Another thing I’ve been using to supplement this year, in light of the focus on the 50 states in Adventures in My Father’s World, is the Which Way USA club offered by Highlights magazine. Every six weeks or so, we receive two different state puzzle books, along with state maps. These books have all kinds of puzzles–word searches, crosswords, hidden pictures, math puzzles, etc. And in solving each puzzle, the child learns some interesting facts about whatever state the book is about, and completes part of the final puzzles in the book. Is this a necessary supplement? Of course not! It’s mostly for fun. But, I think the wide variety of puzzles are good for Turkey and Bunny’s brains, and helping them think in different ways, and they’re also learning weird facts while they’re having fun. I think this is one of the best “extras” I’ve bought for our homeschool, and the price is reasonable, especially given how much use we’re getting out of it. I’m thinking we may try Top Secret Adventures when we’re done with all 50 states!

There are lots of different ways to supplement your regular homeschool materials. It can be as simple as adding some different, extra books for quiet reading time, finding craft projects, going on extra field trips, or getting a subscription to something, whether a magazine or puzzle club. Supplementing doesn’t have to be expensive, either–there are plenty of free ideas available online. But, however you get it, extra enrichment is always a good thing, so look into adding something extra to your school, even if it’s something you only do one day a week!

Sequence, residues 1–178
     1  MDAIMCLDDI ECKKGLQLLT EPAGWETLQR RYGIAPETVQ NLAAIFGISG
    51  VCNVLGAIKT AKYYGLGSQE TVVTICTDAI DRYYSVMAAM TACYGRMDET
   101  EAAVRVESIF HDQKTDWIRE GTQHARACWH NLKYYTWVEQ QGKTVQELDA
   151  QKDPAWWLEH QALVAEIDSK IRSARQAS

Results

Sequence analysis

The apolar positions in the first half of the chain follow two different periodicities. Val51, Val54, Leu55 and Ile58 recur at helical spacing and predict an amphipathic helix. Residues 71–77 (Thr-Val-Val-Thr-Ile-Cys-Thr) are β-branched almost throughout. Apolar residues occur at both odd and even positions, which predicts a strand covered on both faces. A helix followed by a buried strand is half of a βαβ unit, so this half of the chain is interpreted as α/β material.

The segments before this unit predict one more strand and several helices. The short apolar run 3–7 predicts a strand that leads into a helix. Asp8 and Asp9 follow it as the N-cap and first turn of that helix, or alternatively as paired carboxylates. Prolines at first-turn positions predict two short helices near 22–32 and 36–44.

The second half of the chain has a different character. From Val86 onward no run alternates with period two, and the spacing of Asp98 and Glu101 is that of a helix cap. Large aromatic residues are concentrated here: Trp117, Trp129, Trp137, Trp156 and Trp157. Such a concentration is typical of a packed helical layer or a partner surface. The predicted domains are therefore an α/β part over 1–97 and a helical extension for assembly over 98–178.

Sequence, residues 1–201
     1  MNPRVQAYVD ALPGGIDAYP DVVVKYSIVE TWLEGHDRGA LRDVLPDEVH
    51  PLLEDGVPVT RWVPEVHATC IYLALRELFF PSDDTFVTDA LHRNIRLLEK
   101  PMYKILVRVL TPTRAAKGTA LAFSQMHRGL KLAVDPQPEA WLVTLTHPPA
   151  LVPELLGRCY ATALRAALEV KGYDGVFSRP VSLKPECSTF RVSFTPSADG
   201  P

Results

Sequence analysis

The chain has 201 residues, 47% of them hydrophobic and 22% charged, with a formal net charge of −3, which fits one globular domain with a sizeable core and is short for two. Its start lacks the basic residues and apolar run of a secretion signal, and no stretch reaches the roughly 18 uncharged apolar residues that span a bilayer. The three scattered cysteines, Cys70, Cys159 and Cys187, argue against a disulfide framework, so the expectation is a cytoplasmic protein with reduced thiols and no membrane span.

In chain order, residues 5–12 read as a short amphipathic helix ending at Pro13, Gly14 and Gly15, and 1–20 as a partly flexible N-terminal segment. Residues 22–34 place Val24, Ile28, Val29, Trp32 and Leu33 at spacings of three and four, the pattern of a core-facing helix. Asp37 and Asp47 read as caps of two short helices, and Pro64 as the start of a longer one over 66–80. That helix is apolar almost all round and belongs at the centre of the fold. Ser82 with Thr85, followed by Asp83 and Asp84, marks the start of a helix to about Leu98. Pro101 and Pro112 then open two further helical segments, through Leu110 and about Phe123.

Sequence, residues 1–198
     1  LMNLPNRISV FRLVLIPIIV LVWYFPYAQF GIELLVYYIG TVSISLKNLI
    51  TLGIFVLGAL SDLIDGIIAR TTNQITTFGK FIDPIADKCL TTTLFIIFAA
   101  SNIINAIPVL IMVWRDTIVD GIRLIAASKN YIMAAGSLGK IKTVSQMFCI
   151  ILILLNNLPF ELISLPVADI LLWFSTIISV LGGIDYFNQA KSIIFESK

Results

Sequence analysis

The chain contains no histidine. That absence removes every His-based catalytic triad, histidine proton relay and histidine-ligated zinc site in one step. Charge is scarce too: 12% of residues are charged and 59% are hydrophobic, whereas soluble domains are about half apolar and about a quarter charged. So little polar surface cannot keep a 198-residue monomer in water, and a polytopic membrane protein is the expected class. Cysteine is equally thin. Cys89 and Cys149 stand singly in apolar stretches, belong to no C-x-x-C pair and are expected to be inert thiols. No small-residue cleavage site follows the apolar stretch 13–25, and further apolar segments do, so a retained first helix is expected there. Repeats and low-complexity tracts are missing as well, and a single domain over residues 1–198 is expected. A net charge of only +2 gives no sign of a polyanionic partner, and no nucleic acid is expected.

Using “I Love Lucy” in School

I have used this I Love Lucy clip in school twice since Christmas. The first time was when we were reviewing the different sounds “ough” makes in Language Arts; the second was when learning about vowel sounds in Latin, and how they always make the same sound (just as Ricky points out is true in Spanish).

I’ve always known I’d use this in school–it was just a matter of waiting for the right time. Turkey and Bunny loved it because it’s so funny, but they also understood the point I was trying to make. How great is it when you can successfully use I Love Lucy in school?!?

Beginning Latin

We have wrapped up our first five weeks of Latin using Prima Latina.

I think this is one of the most fun and interesting things we’ve done in school yet, and the children, especially Turkey, seem to agree with that assessment. From a teacher’s standpoint, I can say that they’ve learned more grammar and vocabulary in these five weeks than they have all school year…and maybe in school, period. Given that grammar is one of the things I feel our current curriculum is weak in, I’m grateful to have some instruction and reinforcement, even if I was surprised that came via (look–one of first vocabulary words!) a foreign language, and a dead one at that.